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Iran: 12 students reported killed in crackdown after violent clashes
by UK Guardian (reposted)
Monday Jun 15th, 2009 8:23 PM
At least 12 people may have died in violent clashes with Iran's security forces following President Mahmoud Ahmadinejad's disputed re-election, ­according to reports from the country.
The reported fatalities have come amid a brutal crackdown on students, apparently aimed at quelling a wave of campus rebellions that authorities fear could spill over to the wider population.

A Farsi website, Balatarin, carried an unconfirmed report that seven people had been killed in the southern city of Shiraz following confrontations with riot police at the local university. Five busloads of plainclothes officers had been sent to confront the demonstrators during Sunday's protests, but were said to have been unable to prevent them from being joined by members of the public and marching to one of the city's main squares. It is unclear whether all those said to have died were students.

The Guardian understands that five students may also have died in clashes at Tehran University early on Sunday. The students – named as Fatemeh Barati, Kasra Sharafi, Mobina Ehterami, Kambiz Shoaee and Mohsen Imani – are believed to have been buried today in Behesht-e-Zahra, a famous cemetery in Tehran, reportedly without their families being informed.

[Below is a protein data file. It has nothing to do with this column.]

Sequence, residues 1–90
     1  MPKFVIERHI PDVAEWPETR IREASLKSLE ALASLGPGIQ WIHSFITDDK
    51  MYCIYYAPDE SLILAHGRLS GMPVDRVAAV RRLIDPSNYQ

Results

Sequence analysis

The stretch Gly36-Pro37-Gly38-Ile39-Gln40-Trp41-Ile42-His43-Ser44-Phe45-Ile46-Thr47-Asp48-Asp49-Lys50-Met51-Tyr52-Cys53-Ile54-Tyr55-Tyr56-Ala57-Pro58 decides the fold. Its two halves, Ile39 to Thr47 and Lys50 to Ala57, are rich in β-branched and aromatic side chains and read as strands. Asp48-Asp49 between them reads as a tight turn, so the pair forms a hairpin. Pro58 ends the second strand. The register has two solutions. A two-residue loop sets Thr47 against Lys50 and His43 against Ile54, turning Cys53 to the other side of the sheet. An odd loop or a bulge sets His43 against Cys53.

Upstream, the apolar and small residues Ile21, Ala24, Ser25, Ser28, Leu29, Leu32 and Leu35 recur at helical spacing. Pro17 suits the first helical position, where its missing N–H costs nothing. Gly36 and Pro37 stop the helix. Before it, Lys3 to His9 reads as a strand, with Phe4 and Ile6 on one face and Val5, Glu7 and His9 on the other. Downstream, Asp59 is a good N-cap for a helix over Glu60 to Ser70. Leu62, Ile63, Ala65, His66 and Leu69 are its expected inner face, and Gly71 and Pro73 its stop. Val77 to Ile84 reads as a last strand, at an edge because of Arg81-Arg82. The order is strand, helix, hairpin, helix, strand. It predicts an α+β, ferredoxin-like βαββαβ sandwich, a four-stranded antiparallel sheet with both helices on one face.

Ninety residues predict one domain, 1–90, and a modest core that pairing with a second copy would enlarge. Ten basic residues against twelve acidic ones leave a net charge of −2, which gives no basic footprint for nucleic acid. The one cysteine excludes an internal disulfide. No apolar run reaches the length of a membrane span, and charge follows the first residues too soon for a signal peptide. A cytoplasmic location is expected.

Autnews, a student website, claimed that plain clothes officers used firearms against students after forcing their way onto the campus. Students were said to have sought refuge in toilets after police raided halls of residence, where rooms were ransacked and beds set on fire.

Tonight Ali Larijani, the speaker of Iran's parliament, appointed a committee of MPs to investigate the reports.

The reported fatalities appeared to be backed up by one witness, who said a force of around 300 plainclothes and riot police joined basij forces (militia volunteers) to attack the students.

by Robert Fisk (reposted)
Monday Jun 15th, 2009 8:25 PM
Tehran University looked as calm as any summer campus. So much for the latest rumours of a bloodbath. Another piece of Iranian fiction, served up on YouTube. Scarved female students were moving through the university's great black iron gates. I asked my driver, Ali, to drop me off at the corner so I could prowl the college bookshops on Engelob Street, I was looking for a volume of modern Persian poetry for a friend. I did not at first hear the man at the cash desk, motioning out the door.

I peered out. The gates of the university were now shut. Behind them was a crowd of hundreds of young men and women, many wearing scarves over their mouths. I crossed the road. And the banners behind those forbidding gates told a frightening story. "Today is a day of mourning," one of them read. "Dignified students are mourners today." "Police, shame on you, shame on you." "Tell my mother – she doesn't have a son any more."